We are pleased to announce the newest member of the AXNS team – Romy Lorenz as Public Engagement Curator. Here she writes of her background, and her motivations for joining.

Hooking up a brain to a computer – I remember very well the first time that I learned about brain-computer interfaces (BCIs). I was completely enthralled by the broad application areas: ranging from communication devices for patients completely locked-into their bodies unable to move or communicate otherwise over additional control in gaming to mental state monitoring in cars or airplanes. The fact that this was not pure Science Fiction but an actual field of research gave my young life a calling. From then on (that was 2010 back at the Berlin Institute of Technology) I focused my further education on the acquisition and analysis of electroencephalogram (EEG) data. EEG is a non-invasive technique that records the brain’s electrical activity and is most commonly used as an input channel for BCIs in humans.

However, three years later and with research experience gained in labs in Beijing, San Diego as well as Berlin, I became somewhat disenchanted with the field. I started asking myself: Why are there still no patients benefiting from BCIs installed at their homes, allowing them to communicate with their families? How is it possible that we are still extracting the exact same EEG signals from the brain as 30 years ago? Why hasn’t there been any breakthrough in recent years although in the eyes of the public BCIs seem to be the answer to nearly anything? While I realized that this was rather a limitation of the very technique employed (EEG) and not a lack of genius, passion or motivation of the scientists involved, I also became aware of the responsibility we have as researchers towards the public. Having the media disseminate unrealistic short- to mid-term futuristic scenarios does not contribute to a constructive controversy about the limitations and challenges faced with trying to bridge the gap from the laboratory to real-world applications of so called neurotechnologies. Those facts motivated me to slightly diverge from my research path and move to London.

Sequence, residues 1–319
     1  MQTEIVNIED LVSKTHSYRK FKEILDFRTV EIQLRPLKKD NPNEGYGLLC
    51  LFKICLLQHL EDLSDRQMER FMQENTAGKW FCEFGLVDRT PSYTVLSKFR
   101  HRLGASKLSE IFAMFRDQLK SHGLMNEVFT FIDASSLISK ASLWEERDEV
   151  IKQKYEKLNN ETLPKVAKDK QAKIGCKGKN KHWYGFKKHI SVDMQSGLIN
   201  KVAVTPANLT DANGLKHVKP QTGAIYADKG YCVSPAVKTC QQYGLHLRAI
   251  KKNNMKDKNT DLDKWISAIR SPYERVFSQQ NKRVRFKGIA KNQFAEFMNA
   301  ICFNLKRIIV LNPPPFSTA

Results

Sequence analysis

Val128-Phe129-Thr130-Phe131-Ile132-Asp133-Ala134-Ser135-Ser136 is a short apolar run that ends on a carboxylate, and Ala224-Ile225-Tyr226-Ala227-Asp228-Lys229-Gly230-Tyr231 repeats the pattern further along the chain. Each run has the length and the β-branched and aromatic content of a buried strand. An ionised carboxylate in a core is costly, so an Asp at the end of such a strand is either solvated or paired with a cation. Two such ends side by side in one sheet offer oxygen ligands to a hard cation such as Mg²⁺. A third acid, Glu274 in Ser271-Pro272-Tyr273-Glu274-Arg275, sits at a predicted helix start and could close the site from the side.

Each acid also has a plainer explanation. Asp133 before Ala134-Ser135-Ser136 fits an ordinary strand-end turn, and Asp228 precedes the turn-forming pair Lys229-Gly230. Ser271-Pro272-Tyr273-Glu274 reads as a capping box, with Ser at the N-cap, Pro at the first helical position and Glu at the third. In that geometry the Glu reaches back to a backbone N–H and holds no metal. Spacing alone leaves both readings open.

Currently, I am a third year PhD Student at Imperial College London and I work in the Computational, Cognitive and Clinical Neuroimaging Laboratory (C3NL) under supervision of Robert Leech (Division of Brain Sciences) and Aldo Faisal (Department of Bioengineering). While I am still hooking up brains to computers, I am now using a less widespread technique for such purposes: functional magnetic resonance imaging (fMRI). FMRI is an indirect technique of measuring brain activity by detecting associated changes in blood flow. It requires lying very still in a very expensive and non-portable scanner. So why would I possibly prefer using such a technique for developing BCIs, instead of the much cheaper and portable EEG? Rather than looking at BCIs through the lens of assistive technology, I now apply BCIs as a new experimental paradigm in cognitive neuroscience. Cognitive neuroscience is a field that studies the neural correlates and mechanisms underlying mental processes such as attention, memory, language and other higher-level thinking. Since the introduction of fMRI in the early 90s, the approach of mapping brain function (such as cognitive processes) to certain brain areas usually follows the same principle: a neuroscientist designs a task and investigates the brain regions that respond to it. However, this mapping between cognitive task and neural processes is often not straightforward as the same region can be activated by inherently different tasks. To overcome this limitation, I have developed together with my supervisor Rob and brilliant collaborators from Imperial College and King’s College London a novel framework ‘The Automatic Neuroscientist’ that combines real-time fMRI and state-of-the-art machine learning techniques. The idea is quite straightforward: we start by focusing on a particular brain region and try to find a set of tasks that maximally activate that brain region. This is done in form of a closed-loop BCI: the human participant’s brain activity in response to a current task is analysed instantaneously using real-time fMRI and based on this, a clever algorithm proposes what task will be presented to the participant in the next iteration. The benefit of this framework is that we can test over many more possible tasks in a far more efficient manner than the ‘standard’ paradigm would allow. By considering more tasks simultaneously, we hope to accelerate our understanding of how cognition and the brain interrelate. I am now working on extending this BCI to non-invasive brain stimulation. Our aim is to personalize stimulation therapy by finding stimulation parameters that are most optimal for a patient’s underlying pathology.

Despite being highly enthusiastic about my work and neuroscience in general considering the fast-paced and high-impact research carried out in the field, I likewise consider myself a neurosceptic as I am aware of the limitations of the techniques applied and the considerably narrow scope of questions it enables us to answer. Public engagement in neuroscience and neurotechnology should therefore not be limited to communicating the potential benefits and impact on society but provide a holistic information landscape that allows the public to question, criticise and debate latest headlines in the news. Using art as a medium for this purpose is a playful, aesthetic and stimulating starting point to foster dialogue between scientists and the public. This made me curious to get in touch with the AXNS collective and I am very thankful to now join Rachel, Miranda and Rachel in their mission.

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